Supreme Court To Rule On GPS Tracking By Law Enforcement
The U.S. Supreme Court announced Monday that it would decide whether law enforcement personnel must obtain a warrant before secretly placing a GPS tracking device on a suspect’s car to monitor their movements for weeks at a time.
The case marks the first time the high court will consider how the constitutional ban on unreasonable searches applies to global positioning systems, or GPS, tracking devices.
The case involves the criminal prosecution of Antoine Jones and Lawrence Maynard, two nightclub owners in Washington D.C. who were convicted of operating a cocaine distribution ring. Police had used a GPS device to track Jones’ Jeep for a month to gather evidence in the case.
However, a three-judge panel of a federal appeals court in Washington D.C. unanimously overturned Jones’ conviction and life sentence, ruling that “the whole of one’s movements over the course of a month” shows “far more than the individual movements it comprises.”
The panel, which included both Democratic and Republican appointees, said the extended surveillance was a factor in their decision to overturn the conviction. However, four other appellate judges in Washington D.C. said the entire appeals court should have heard the case, and faulted their colleagues for overturning Jones’ conviction.
In its appeal to the Supreme Court, the Obama administration is arguing that warrantless use of GPS devices does not violate the Fourth Amendment’s ban on unreasonable searches. The Justice Department also says that a speedy resolution of the divergent court opinions is vitally important to law enforcement.
The Supreme Court has directed lawyers from both sides to address whether the government violated the respondent’s Fourth Amendment rights by installing the GPS tracking device on his vehicle without a valid warrant and without his consent.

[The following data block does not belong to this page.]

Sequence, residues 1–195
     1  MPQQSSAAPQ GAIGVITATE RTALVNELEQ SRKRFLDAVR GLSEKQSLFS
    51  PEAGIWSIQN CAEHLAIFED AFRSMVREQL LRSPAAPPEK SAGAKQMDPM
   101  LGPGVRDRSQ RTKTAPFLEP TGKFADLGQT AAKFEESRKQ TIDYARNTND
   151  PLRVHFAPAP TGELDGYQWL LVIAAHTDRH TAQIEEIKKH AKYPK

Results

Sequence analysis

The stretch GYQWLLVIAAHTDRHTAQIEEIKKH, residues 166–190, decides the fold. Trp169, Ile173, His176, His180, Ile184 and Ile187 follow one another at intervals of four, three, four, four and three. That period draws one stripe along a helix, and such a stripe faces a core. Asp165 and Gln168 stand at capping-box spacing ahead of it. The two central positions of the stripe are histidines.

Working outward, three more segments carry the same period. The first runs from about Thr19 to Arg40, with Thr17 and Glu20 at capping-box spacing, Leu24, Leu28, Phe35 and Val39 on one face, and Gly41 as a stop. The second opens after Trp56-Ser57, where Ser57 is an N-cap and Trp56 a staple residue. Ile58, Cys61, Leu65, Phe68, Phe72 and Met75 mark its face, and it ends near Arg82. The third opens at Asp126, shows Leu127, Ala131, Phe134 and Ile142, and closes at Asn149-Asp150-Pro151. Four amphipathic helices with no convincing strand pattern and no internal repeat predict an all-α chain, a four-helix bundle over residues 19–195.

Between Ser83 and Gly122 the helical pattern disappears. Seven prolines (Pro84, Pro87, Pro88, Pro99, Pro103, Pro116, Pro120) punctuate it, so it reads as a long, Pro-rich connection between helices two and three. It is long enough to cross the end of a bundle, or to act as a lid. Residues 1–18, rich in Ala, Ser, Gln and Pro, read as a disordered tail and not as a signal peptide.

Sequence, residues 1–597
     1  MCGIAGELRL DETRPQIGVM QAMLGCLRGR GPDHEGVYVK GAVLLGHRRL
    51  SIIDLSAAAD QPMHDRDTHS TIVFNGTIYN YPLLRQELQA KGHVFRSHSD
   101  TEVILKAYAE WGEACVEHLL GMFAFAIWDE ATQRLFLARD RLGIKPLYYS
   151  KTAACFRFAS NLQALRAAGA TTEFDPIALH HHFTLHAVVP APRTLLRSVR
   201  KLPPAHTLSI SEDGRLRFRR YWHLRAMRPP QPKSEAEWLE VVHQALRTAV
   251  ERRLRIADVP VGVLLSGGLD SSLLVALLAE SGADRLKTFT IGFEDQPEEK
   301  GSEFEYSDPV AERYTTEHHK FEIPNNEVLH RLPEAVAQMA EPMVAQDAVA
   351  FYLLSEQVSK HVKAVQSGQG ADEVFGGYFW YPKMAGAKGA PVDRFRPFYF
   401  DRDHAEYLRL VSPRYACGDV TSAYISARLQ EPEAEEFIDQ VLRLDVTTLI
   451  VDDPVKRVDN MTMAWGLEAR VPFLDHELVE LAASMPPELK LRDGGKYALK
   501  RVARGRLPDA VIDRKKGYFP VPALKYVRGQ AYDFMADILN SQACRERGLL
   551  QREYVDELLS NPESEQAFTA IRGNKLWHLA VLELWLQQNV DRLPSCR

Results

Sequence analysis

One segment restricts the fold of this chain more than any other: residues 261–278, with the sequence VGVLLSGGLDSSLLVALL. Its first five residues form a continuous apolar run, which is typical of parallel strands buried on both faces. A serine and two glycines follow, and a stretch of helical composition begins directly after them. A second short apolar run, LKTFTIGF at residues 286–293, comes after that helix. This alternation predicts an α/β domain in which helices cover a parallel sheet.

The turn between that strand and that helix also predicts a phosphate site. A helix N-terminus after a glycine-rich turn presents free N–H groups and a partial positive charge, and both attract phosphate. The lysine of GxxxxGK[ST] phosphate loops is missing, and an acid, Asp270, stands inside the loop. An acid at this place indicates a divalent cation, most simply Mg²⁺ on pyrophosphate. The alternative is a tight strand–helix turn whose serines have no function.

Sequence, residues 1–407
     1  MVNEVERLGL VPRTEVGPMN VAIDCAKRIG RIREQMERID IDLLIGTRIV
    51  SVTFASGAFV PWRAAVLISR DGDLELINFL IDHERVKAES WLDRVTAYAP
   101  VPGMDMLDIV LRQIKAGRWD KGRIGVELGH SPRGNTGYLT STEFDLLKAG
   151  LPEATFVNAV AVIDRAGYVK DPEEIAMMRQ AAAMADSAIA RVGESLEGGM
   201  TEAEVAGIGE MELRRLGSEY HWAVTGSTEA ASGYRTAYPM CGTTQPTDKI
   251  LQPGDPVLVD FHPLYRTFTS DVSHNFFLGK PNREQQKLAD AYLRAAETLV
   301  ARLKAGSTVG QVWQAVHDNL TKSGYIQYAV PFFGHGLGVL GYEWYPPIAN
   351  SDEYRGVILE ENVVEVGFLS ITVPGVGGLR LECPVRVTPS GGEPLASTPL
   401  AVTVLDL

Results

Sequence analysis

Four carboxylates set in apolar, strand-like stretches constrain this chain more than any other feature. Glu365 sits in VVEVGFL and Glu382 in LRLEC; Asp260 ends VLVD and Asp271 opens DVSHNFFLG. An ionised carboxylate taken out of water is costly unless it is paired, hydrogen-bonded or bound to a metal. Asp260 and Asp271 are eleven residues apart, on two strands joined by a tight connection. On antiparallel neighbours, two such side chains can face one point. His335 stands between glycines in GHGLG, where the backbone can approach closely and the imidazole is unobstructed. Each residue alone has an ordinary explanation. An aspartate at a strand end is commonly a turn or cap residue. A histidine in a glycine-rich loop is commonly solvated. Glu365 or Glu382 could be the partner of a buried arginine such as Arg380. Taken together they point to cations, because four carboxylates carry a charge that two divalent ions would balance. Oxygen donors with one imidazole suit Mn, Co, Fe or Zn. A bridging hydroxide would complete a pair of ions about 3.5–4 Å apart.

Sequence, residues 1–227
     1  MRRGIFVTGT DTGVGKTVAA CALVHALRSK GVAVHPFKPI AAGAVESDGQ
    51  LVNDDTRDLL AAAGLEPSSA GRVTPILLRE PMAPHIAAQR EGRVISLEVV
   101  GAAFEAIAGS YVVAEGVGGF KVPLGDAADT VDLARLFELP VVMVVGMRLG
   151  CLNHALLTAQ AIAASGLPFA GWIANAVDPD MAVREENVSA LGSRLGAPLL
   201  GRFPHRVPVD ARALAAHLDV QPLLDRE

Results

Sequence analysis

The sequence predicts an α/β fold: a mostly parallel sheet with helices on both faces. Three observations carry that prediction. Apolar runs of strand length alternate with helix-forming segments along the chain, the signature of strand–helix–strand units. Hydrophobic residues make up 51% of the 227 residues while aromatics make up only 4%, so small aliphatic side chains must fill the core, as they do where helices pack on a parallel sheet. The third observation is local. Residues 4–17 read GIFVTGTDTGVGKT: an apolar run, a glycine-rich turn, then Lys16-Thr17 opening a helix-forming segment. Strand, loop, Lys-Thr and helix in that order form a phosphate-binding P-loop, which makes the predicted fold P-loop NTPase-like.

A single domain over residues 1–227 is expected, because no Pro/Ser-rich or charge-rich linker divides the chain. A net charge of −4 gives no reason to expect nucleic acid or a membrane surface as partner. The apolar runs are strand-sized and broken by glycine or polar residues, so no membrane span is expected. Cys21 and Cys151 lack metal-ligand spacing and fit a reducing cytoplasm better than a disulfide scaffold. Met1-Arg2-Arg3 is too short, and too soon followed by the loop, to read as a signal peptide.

The Justice Department has said that GPS devices are particularly helpful in the early stages of an investigation, when law enforcement can eliminate the use of time-consuming stakeouts as authorities work to gather evidence. Furthermore, requiring a warrant could hinder the government’s ability to investigate drug trafficking, terrorism and other crimes, the department said.
They DOJ has also said that using a GPS device is no different from a beeper used by law enforcement, with the high court’s blessing in 1983, to track a suspect to his drug lab. In that case, the Supreme Court ruled that people driving on public roads have no reasonable expectation of privacy.
However, the case involved just a single car trip, and the Supreme Court said only that someone “traveling in an automobile on public thoroughfares has no reasonable expectation of privacy in his movements from one place to another.”
The ruling did not consider the limitless, minute-by-minute tracking that the Obama administration and other law enforcement agencies believe is permissible.
In a separate case in California, a three-judge panel in San Francisco upheld the use of a GPS tracking device without a warrant, saying it was no different from having officers follow a suspect.
That ruling provoked a scorching dissent from Judge Alex Kozinski, who said the court gave the government “the power to track the movements of every one of us, every day of our lives.”
The Supreme Court case, United States v. Antoine Jones, No. 10-1259, will be heard during the nine-month session that begins in October.